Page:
David Poile isn’t one you would call a gambler, but he does pick his spots for when to push his chips to the center of the table. He did it in 2007 with Peter Forsberg, and he did it in 2012 with Alexander Radulov.
The end results in 2007 and 2012 were utter disappointment, but Poile iterated both times that he wouldn’t have changed a thing, that he would have stuck with those decisions if had to do it all over again.
In regards to Ryan Suter, Poile probably wouldn’t have done anything different. If he had to do it all over again, Poile would have kept Suter instead of trading him last summer, at the trade deadline or at the draft.
Hindsight is always 20/20.
As it stands now with Suter signing in Minnesota and the Predators not getting anything in return, fans probably would have liked to have seen a trade go down last summer, at the trade deadline or at the draft.
Though the roster would look better now with three or four quality additional assets that a Suter trade would have yielded, Poile did the right thing for last season. In the last year with Suter and Weber together, he went for it. The Predators had the pieces to make a Stanley Cup run, and Suter was a big piece to the puzzle.
Every team, at one point or another, should go for it – especially those in smaller markets that can’t spend with the big boys and contend for the Cup every year. The Predators have done it twice now, and both times they have fallen short.
If the Predators had won the Cup last month, those fans probably wouldn’t mind that Suter just went from Music City to the Twin Cities for nothing in return.
Hindsight is always 20/20.
The Portland Trailblazers probably wish they had drafted Michael Jordan instead of Sam Bowie. Your body probably wishes you hadn’t eaten all that extra pizza last night as you were celebrating America’s birthday.
Hindsight is always 20/20.
Leading up to the seismic news of Suter and Zach Parise joining forces in Minnesota, Poile received heat from fans for how he dealt with the situation – how he should have put on the full court press to re-sign Suter, how he should have offered $8 million more to match the Wild’s $98 million contract offer over eight years.
In the end, none of it would have mattered. So looking back on it, could he have done anything different?
On his conference call yesterday, Poile sounded hurt, frustrated, disappointed and a little betrayed. His explanation of the process would make most believe that Suter misled him in the sense that Suter told him that he wanted to play for a winning team (which played a role into Poile going ‘all-in’ and bringing back Radulov), when the decision to sign in Minnesota was actually based on “family reasons.”
There is a scapegoat for everything. Who is to blame here: Suter for misleading Poile or Poile for misreading Suter? Probably a little bit of both but more of the former, wouldn’t you say?
If someone who you trust looks you in the eye and says, “I’m not going anywhere,” you’re going to believe them. And if that situation/conversation arises at a later time, you’re going to remember what they said.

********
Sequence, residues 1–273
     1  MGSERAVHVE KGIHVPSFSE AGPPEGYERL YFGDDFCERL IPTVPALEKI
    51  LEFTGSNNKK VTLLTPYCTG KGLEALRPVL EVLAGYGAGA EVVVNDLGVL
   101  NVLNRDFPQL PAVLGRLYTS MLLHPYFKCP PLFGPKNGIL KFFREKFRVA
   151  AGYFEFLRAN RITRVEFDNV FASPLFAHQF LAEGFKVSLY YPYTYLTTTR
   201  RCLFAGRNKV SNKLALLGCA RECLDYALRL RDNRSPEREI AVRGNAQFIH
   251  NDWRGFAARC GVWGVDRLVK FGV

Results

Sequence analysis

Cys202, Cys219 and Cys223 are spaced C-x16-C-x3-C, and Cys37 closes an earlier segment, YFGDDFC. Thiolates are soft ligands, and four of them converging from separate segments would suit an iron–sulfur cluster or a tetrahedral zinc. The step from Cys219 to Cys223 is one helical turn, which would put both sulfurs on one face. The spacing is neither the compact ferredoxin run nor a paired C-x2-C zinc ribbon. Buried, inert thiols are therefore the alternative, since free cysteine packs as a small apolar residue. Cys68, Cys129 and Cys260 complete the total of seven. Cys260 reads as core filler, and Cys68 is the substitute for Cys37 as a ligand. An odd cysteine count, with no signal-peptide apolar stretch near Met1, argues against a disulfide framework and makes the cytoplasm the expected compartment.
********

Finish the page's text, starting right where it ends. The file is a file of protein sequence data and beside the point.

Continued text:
As we found out yesterday, Suter gave Poile his word in November that he “wasn’t going anywhere” and would re-sign in Nashville.
You can look at this one of two ways:
– When Suter vented to the media at the All-Star break; when Suter was non-committal in May; when Suter’s camp didn’t want an official contract offer before July 1st, Poile fell back on what Suter told him nine months ago: he wasn’t going anywhere.
– When Suter vented to the media at the All-Star break; when Suter was non-committal in May; when Suter’s camp didn’t want an official contract offer before July 1st, Poile was too naïve and should have seen the signs that Suter wasn’t chomping at the bit to re-sign.
I don’t think it was played particularly well by either side; you can draw your own conclusions. But for Suter to publicly give a pseudo checklist for how the Predators can keep him that essentially started and ended with “get some scoring help so we can win,” and then play the family card and not give the Predators a chance to counter-offer, is not Poile’s fault – even though he probably should have turned the page a month ago.
But hindsight is always 20/20, right?
Poile was in a bad situation all along – one that he put himself in – and it all started when the Predators went to arbitration with Shea Weber last August. He softened the blow of Summer 2012 when Pekka Rinne re-signed in November, but going into the off-season with Suter and Weber unsigned was not a good sign from the start.
From this point forward, Poile can’t think about Suter. It’s now in the past. Poile’s goal between now and puck-drop in October is to get Weber re-signed to a long-term deal.
“I need to talk to Shea and his representatives to go over all the dynamics of what [Suter leaving] does. I’m sure they want to know what we’re going to do going forward,” Poile said yesterday. “I feel really good about Shea. I know he feels really good about Nashville.”
Thing is, Poile felt the same about Suter until yesterday morning.
Losing Suter for nothing is one thing, but watching Weber exit stage left scot-free is the nightmare scenario. If Poile can’t get Weber signed to a long-term deal, a trade – as much as it would be a tough pill for the organization to swallow – has to become an option.
The worst thing that can happen for the Predators (aside from a dreaded one-year offer sheet) is having Weber enter the 2012-13 season on another one-year contract, staring down unrestricted free agency.
But as they say, hindsight is always 20/20.